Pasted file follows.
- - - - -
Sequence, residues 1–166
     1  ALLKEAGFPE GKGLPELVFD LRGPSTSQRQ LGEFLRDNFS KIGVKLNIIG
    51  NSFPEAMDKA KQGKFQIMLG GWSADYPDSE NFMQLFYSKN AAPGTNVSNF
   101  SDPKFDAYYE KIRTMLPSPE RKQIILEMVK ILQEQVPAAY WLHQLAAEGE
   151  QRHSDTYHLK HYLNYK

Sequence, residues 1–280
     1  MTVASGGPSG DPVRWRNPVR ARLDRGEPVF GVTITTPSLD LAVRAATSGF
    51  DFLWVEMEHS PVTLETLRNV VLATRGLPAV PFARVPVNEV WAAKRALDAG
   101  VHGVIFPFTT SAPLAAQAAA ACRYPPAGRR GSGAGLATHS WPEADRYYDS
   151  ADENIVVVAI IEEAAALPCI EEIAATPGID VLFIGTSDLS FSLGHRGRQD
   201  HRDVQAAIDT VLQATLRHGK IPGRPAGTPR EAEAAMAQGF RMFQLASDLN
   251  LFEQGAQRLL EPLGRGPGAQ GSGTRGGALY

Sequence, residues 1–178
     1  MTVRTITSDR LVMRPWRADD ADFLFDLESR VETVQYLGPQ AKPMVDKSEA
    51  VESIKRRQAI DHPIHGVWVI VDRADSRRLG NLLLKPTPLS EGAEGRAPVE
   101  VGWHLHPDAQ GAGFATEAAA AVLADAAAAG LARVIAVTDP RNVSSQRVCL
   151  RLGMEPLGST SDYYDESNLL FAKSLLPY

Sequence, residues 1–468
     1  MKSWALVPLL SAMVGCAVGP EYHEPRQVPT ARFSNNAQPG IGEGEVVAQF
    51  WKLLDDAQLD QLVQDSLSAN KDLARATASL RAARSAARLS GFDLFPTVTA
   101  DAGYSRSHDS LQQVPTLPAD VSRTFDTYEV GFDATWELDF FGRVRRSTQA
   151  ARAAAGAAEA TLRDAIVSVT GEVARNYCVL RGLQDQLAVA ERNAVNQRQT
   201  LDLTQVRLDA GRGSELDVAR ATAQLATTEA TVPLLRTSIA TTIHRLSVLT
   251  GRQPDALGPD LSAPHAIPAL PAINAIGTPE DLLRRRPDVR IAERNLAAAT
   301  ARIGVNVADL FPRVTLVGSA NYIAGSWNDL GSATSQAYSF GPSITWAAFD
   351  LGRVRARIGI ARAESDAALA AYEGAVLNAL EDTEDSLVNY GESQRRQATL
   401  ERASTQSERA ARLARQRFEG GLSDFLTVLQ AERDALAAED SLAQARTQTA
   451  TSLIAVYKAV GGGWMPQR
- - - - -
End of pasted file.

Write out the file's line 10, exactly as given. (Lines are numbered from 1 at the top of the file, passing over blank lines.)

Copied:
   151  ADENIVVVAI IEEAAALPCI EEIAATPGID VLFIGTSDLS FSLGHRGRQD